'Replacements' star Keanu Reeves scrambles
by Donna Freydkin
NEW YORK (CNN) -- Don't blame Keanu Reeves for looking just a tad wiped out.
The star of "The Matrix" flew to New York from London just a few days before, expressly to hype his new movie "The Replacements." This time around, Reeves dons a helmet and jersey to play a has-been quarterback with one last shot at glory as a replacement football player.
But on this bright and early Manhattan morning, glory is the furthest thing from Reeves' mind. Unshaven, with mussed hair standing on end and clad in a slightly rumpled black suit and beat-up shoes, he seems to be trying his best just to stay awake. Turns out that the star had zipped into New York on the Concorde, just mere days after the fatal Air France crash of the supersonic jet.
And while Reeves, 36, may specialize in playing smoothly superhuman characters on the big screen -- think of the explosives expert he portrayed in "Speed" (1994) or his slick computer geek in "The Matrix" (1999) -- he does 'fess up to some very human fears. He's actually afraid of flying.
"I try not to be," he says. "If anything ever seems to be going wrong, No. 1, I always think I can survive. I make plans. I'll jump out of the plane or I'll jump out and find a hill and try to roll down the hill. It's completely ridiculous."
The same word could describe the schedule Reeves keeps. The actor essentially lives out of a suitcase and leaps from one film to the next. Just this year, Reeves has four films hitting theaters: "Sweet November," "The Replacements," "The Gift" and "The Watcher."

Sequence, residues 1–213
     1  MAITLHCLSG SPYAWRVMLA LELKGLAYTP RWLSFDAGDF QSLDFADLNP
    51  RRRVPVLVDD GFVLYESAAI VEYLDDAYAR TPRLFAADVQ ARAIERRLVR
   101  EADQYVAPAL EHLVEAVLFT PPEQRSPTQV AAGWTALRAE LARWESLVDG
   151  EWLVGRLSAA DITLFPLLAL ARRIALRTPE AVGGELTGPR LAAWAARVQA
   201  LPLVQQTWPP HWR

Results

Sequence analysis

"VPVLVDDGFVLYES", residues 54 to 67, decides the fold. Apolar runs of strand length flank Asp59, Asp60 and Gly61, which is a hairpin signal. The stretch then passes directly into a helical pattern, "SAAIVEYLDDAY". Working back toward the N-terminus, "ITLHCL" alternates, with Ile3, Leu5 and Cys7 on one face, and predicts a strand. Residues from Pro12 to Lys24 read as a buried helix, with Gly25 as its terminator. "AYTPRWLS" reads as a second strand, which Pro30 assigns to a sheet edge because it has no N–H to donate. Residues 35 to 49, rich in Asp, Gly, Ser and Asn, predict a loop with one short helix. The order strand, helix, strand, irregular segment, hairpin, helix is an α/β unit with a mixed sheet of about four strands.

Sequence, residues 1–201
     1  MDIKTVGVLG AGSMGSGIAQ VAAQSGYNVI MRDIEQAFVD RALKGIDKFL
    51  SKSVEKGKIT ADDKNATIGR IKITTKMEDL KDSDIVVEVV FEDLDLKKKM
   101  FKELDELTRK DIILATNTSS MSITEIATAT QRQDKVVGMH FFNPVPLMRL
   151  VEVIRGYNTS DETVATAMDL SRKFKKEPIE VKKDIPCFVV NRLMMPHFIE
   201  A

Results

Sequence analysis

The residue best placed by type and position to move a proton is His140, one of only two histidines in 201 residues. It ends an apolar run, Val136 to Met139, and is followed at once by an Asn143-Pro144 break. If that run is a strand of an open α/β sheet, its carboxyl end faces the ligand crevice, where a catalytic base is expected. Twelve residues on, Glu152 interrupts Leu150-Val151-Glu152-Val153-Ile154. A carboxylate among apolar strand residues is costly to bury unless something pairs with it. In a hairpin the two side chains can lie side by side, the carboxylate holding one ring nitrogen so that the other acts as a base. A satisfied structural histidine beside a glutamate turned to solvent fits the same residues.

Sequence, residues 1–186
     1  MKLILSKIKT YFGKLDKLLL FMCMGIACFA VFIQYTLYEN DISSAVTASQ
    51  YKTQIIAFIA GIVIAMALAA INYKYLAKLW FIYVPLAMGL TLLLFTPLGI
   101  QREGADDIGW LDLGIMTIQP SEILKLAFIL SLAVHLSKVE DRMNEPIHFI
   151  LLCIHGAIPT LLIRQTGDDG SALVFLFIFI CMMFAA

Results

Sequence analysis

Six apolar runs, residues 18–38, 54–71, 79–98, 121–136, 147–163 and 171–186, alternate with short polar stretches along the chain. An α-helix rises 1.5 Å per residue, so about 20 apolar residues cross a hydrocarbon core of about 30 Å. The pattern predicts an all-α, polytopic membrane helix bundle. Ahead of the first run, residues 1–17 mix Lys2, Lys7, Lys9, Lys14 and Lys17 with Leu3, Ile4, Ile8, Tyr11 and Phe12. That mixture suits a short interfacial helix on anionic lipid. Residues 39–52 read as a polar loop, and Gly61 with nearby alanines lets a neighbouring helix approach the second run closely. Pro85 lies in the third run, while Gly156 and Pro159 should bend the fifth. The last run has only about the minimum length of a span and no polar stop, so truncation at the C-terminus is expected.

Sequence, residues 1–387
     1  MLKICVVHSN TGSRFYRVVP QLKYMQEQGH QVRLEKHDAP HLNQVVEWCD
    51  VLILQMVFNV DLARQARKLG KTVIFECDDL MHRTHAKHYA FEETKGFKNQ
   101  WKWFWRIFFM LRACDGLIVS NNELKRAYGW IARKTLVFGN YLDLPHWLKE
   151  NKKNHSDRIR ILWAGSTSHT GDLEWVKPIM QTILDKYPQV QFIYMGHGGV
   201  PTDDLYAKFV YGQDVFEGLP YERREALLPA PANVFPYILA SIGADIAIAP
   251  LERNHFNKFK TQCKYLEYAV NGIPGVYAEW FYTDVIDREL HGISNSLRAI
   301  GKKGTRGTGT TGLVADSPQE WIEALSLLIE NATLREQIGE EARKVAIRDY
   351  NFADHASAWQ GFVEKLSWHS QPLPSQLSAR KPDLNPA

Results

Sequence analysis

But he insists the hours he keeps aren't a big deal.
"Well, after 'The Matrix,' I didn't work for like seven, eight months," he says. "So that was a pretty long time. And after 'Devil's Advocate,' (1997) I didn't do 'The Matrix' for almost 11 months."
Keanu's excellent adventure
Reeves is something of an enigma. The Lebanese-born actor, who grew up in Toronto, cut his teeth in such "serious" flicks as the dark murder saga "River's Edge" (1987) and the diabolical society drama "Dangerous Liaisons" (1988).
Yet Reeves broke through not as Mercutio in a stage production of "Romeo and Juliet," but as the sweetly dense Ted in the goofy kiddie time-travel comedy "Bill & Ted's Excellent Adventure" (1989). Unfortunately, the bumbling Ted persona stuck to Reeves for years.
But the laconic actor, who once elevated the exclamation "duuuuude!" to a national mantra, is anything but a dummy in person. He's the antithesis of Ted: thoughtful and low-key.
And he's pursued roles that would, in theory, help establish him as a respected actor.
"I've felt like acting more and I wanted to act as much as I could and so I've been lucky to be able to get a chance to do it," he says.
But he admits that the career took a toll on his personal life.
"Other parts of my life -- you know, sometimes it's hard to maintain," he says. "I maintain friendships, but you can talk about what you've done but it's sometimes nice to have shared experiences and I've kinda missed out on that sometimes."
Still, Reeves says, he fears that every job will be his last.
"But that's what keeps you going in a way too, I think," he muses. "It's that whole ambition-wanna-work engine."
For now, Reeves will have little time to call his own. He just wrapped "The Gift," which has him playing the wife-beating hubby of Oscar-winner Hilary Swank. And in late March or April of next year, he starts filming the highly anticipated sequels to "The Matrix," two physically taxing films that should keep him busy for months.
"I'm really excited by (writer/director Andy and Larry Wachowski's) ambition and by their scope and by their storytelling and their ambition for the ideas that they want to communicate and for the cinema that they want to create," he says.
Aside from his acting career, Reeves is also a member of the band Dogstar, which he formed in 1993 with two buddies. So far, Dogstar has released three albums, but hasn't exactly invaded the Billboard charts.
But if Reeves could have either the No. 1 album or movie in the country, he says the choice is no-brainer.
"I'm an actor, and so I would pick the movie," he says. "I hate it because I love them both. But I am an actor, so I'll make that distinction. But that's all I'll say. I love to play music."